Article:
where Ppref is the preformed value, Pmeas is the value measured within the sinkhole and ΔP is the sinkhole effect.
We estimated Ppref using data from off-platform sampling stations to either side of Luymes Bank. We fitted each property of interest (i.e. off-platform θ, [O2], TC, TSi, TP, AT, , and ) to a polynomial or exponential function (whichever fit best) of each of salinity (S; Fig. S1 in the Supplement) and potential density anomaly (σ0; Fig. S2 in the Supplement). The functions fitted to S were used to determine Ppref within the acid lake, defined as deeper than 187 m and within the area marked in Fig. 1c, while the functions fitted to σ0 were used elsewhere. Explicitly, vertical profiles of Ppref and thereby ΔP using Eq. (1) were determined by inputting the S and σ0 values observed within the sinkholes into the relevant fitted functions.
ΔTC was split into contributions from organic matter (OM) remineralisation (ΔTC(OM)), carbonate mineral dissolution (ΔTC(CO3)) and a residual (ΔTC(r)), following the approach of Brewer (1978):
ΔTC(OM) was estimated from each of ΔTN, ΔTP and Δ[O2] using the OM stoichiometry of Anderson and Sarmiento (1994) (i.e. = , = and = −, where is the stoichiometric ratio between carbon and element X during OM remineralisation). This stoichiometry, an update of the canonical ratios of Redfield et al. (1963), was determined by analysis of carbon, nutrient and oxygen gradients across multiple major ocean basins and represents the average effect of biological activity (primary production and remineralisation) on these variables (Anderson and Sarmiento, 1994), assuming that these processes on average follow the reaction
where the forward reaction represents primary production of OM and the reverse its remineralisation; the brackets indicate that any one of the enclosed species could be used, without affecting our analysis. The estimates from each of ΔTN, ΔTP and Δ[O2] were consistent with each other (Sect. 3.3), so they were averaged:
ΔTC(CO3) was estimated from ΔAT, correcting for the effects of nutrient changes on AT following Wolf-Gladrow et al. (2007):
Finally, ΔTC(r) was calculated by rearranging Eq. (2):
ΔTN, ΔTP and Δ[O2] were directly proportional to each other and to ΔTC(OM) (by definition; Eq. 4) in every sinkhole, including the acid lake. However, there were two distinct ratios between ΔTSi and ΔTC(OM): one in the non-acidic sinkholes and another in the acid lake. We assumed that the former ratio (in the non-acidic sinkholes) represented the stoichiometric coefficient for OM-associated silicate remineralisation (), and we determined its value by fitting ΔTSi to ΔTC(OM) using data from sinkholes N and S excluding the acid lake. Within the acid lake, fitted was then used to separate ΔTSi into the component associated with OM remineralisation (ΔTSi(OM)) and a residual (ΔTSi(r)):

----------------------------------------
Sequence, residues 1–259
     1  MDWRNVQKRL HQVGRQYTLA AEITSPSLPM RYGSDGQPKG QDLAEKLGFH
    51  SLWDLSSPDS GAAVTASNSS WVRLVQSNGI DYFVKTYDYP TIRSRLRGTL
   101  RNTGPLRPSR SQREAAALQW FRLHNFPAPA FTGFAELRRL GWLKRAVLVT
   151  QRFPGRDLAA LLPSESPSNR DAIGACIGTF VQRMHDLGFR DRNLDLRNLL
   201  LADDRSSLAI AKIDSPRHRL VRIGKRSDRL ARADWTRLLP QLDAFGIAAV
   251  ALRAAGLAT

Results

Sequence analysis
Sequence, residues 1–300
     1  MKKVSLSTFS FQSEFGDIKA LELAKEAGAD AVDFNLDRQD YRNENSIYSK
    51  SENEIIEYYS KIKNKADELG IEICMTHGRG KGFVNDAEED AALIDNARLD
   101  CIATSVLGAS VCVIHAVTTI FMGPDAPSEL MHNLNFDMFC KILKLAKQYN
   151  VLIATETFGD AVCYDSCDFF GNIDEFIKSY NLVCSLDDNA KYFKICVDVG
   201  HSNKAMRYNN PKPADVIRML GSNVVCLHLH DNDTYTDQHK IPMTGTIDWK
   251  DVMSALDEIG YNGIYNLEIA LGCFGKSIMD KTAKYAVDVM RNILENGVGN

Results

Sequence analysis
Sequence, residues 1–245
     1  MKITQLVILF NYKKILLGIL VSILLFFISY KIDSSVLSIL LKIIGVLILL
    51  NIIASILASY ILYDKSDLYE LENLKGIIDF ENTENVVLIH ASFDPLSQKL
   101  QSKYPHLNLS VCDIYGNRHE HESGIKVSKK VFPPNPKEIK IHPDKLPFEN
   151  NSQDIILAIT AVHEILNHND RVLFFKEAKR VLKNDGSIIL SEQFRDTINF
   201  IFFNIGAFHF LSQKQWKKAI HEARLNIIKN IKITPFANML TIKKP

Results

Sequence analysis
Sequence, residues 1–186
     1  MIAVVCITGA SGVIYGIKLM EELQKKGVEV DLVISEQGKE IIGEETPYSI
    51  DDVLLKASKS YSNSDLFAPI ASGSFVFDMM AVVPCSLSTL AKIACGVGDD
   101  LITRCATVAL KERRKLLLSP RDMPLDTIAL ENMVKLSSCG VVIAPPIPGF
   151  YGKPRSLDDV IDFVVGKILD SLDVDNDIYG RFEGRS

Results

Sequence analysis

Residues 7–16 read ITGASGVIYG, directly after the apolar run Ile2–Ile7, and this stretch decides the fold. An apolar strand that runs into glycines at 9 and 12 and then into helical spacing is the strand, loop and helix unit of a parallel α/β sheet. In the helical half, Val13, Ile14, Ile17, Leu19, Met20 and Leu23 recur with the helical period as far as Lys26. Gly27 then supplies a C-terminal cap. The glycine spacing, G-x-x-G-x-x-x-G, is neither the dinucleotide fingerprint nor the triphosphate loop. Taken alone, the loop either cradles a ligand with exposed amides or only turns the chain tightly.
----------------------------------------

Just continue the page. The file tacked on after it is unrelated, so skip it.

Therefore, ΔTSi(r) is by definition zero outside of the acid lake, where all of ΔTSi is attributed to ΔTSi(OM).
3.1 Sinkhole distribution and morphology
Our multibeam data revealed tens of sinkholes across Luymes Bank. Towards the south there were many relatively small (< 0.15 km2) and shallow (< 67 m deeper than the platform) sinkholes, which are not discussed further here. In the north, there were four larger and deeper sinkholes, named N, S, E, and W (Fig. 1c). These might more accurately be termed sinkhole complexes, as their irregular shapes indicated that each consisted of several sinkholes merged together.
Sinkholes W and E were partially exposed at the edges of Luymes Bank, whereas sinkholes N and S were fully surrounded by the platform. The deepest lateral connection to open-ocean waters, termed the “connection depth”, was 93 m for sinkholes N and S, 142 m for W, and 166 m for E. Sinkholes N and S were separated from each other only beneath 187 m, which was the deepest point on an internal ridge (Fig. 1c). Water column multibeam reflections revealed a density contrast just beneath this depth in sinkhole N only (Fig. 1d). As will be shown, this density contrast marks the upper surface of the acid lake. Multibeam data also showed a vertical plume of bubbles rising from the seafloor here (Fig. 1d). Other, much smaller bubble plumes were also identified elsewhere in sinkhole N and in the northern part of sinkhole S.
Together, sinkholes N and S had a volume of 0.6766 km3 and surface area of 5.32 km2. Within this, the acid lake (i.e. sinkhole N beneath 187 m) contained 0.0882 km3 with a surface area of 1.38 km2.
3.2 Sinkhole water origins
We determined the preformed properties of the waters within the Luymes Bank sinkholes based on conservative properties, that is, properties that, beneath the mixed layer at the surface ocean, can be altered only through mixing. Salinity (S); potential temperature (θ); and potential density anomaly (σ0, which is strongly controlled by S and θ), are conservative in the open ocean, so they have been widely used as water mass tracers (Tomczak, 1999). In each sinkhole except the acid lake, the vertical profiles of S, θ and σ0 followed open-ocean patterns (which were typical of the region; Morrison and Nowlin, 1982) down to a certain depth, beneath which they became relatively homogeneous (Fig. 2a–c). This “certain depth” was different for each sinkhole but in each case corresponded closely to the connection depth (Sect. 3.1). We deduce that the waters within each sinkhole originated from the adjacent open ocean at the corresponding connection depth. Deeper, denser open-ocean waters were presumably blocked from entering the sinkholes by the platform's bathymetry.